By: Rick Bass
160 pages, 2 b/w illus
Sometimes referred to as America's Serengeti, The Arctic National Wildlife Refuge is a place where great caribou herds gather, calve, and migrate as they did in the Pleistocene, and where the ancient bond between animals and human hunters still informs daily life. Living alongside the caribou are the native peoples, the Gwich-`in; their culture is as much at risk as the 29,000 caribou.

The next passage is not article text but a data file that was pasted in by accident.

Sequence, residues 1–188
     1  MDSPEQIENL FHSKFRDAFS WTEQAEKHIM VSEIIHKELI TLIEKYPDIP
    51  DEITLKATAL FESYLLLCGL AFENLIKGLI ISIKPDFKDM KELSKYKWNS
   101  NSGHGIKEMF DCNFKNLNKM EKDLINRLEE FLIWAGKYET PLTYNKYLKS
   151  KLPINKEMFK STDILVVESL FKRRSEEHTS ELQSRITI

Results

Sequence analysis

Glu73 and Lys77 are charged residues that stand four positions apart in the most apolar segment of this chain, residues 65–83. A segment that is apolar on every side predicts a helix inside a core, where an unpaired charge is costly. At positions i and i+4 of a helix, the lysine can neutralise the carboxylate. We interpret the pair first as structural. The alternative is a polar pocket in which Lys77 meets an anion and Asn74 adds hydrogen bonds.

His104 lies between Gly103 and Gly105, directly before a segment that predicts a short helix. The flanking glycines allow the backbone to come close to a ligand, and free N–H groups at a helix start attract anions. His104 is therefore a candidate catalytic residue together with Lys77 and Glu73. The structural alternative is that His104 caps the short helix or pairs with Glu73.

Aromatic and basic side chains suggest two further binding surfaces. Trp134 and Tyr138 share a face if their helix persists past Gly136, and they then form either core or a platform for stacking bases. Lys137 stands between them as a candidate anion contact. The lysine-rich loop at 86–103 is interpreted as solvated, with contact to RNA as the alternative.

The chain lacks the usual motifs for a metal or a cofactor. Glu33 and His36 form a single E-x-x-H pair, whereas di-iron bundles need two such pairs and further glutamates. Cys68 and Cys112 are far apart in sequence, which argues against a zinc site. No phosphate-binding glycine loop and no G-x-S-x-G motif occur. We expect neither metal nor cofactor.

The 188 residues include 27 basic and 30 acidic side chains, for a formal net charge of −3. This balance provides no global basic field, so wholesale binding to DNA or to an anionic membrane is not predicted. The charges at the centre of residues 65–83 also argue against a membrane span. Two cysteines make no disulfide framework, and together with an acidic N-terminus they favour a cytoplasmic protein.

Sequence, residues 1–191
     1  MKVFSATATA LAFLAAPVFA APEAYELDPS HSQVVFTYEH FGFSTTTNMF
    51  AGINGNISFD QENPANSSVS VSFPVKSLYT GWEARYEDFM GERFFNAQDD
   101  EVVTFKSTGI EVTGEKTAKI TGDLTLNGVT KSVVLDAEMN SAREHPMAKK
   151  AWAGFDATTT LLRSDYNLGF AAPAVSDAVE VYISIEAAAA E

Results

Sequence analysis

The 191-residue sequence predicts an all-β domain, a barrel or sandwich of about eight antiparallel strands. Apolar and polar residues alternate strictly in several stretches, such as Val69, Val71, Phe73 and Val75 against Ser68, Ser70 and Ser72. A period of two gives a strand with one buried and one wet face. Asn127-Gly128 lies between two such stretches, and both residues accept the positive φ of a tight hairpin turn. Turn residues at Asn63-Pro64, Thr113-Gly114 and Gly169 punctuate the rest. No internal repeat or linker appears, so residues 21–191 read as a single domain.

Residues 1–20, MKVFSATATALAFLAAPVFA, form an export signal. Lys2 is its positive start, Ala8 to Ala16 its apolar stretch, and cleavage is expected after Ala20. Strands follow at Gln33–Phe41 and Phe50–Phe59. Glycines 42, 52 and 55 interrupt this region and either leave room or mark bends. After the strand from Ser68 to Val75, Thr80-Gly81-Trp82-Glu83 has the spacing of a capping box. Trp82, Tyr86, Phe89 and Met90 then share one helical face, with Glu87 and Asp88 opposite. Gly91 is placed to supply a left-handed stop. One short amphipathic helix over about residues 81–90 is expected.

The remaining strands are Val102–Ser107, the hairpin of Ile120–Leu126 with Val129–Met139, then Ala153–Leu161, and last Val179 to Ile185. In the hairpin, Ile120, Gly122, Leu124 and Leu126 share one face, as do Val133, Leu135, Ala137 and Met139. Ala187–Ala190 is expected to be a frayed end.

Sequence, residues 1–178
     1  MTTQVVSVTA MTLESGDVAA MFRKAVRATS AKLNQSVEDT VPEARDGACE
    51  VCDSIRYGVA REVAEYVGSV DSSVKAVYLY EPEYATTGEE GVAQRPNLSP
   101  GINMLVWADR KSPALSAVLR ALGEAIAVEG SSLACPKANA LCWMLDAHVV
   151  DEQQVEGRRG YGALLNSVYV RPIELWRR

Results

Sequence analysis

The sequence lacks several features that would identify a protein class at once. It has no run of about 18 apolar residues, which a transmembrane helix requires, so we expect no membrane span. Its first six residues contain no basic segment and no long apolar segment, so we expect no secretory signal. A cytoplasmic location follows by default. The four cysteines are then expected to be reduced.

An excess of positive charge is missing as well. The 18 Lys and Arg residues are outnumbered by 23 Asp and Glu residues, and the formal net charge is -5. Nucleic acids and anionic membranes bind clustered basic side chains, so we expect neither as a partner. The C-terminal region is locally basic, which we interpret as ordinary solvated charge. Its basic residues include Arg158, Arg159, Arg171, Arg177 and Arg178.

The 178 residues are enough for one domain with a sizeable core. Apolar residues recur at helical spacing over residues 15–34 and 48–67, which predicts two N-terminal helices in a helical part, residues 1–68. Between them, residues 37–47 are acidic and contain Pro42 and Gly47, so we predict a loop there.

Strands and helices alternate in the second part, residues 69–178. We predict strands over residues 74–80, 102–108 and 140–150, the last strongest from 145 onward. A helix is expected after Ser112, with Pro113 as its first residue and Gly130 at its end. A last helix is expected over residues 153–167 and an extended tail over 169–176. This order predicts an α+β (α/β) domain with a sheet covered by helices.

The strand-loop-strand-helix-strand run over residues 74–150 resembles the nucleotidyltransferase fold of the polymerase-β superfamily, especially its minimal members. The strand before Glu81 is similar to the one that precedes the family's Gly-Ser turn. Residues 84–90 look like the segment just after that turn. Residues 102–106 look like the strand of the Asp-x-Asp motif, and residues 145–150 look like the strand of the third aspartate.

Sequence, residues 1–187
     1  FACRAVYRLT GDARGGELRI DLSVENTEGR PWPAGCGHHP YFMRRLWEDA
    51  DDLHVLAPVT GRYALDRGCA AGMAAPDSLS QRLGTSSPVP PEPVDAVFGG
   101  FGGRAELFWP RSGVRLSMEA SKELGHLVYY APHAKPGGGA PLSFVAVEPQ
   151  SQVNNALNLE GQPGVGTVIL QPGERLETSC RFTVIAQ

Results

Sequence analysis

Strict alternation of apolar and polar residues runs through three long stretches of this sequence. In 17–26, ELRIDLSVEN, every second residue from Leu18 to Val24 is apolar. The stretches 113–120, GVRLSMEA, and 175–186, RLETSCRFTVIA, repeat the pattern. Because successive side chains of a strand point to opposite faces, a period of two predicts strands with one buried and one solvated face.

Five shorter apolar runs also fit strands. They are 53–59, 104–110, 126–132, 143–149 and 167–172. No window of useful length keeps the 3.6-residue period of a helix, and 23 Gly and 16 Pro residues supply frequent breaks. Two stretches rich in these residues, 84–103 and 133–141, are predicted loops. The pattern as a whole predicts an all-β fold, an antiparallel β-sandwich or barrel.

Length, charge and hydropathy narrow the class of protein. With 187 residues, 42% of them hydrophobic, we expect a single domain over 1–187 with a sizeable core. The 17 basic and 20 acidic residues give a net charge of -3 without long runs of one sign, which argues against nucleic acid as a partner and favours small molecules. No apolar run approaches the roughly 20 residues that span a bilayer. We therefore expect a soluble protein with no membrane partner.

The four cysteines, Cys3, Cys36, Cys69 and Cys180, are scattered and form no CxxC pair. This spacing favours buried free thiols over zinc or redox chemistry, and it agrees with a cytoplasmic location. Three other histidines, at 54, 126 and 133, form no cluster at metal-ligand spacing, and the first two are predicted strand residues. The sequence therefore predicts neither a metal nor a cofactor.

This place at the top of the world...is, in both a scientific and spiritual sense, the place where the Porcupine caribou keep coming into the world, year after year...coming into the Gwich-'in world again and again, as if issuing forth not so much from that one secret cleft formed by the base of the magnificent Brooks Range, and the edge of the Beaufort Sea Ice cap, and the lichenfurzed sheet of tundra, but instead as if coming up through some vent or shaft or sacred bore-hole below: caribou rising vertically from that lower world like a blessing... It is this bounty that has shaped the Gwich-'in into what they are, as surely as landscape and the animal of time shape anything. - from Caribou Rising"
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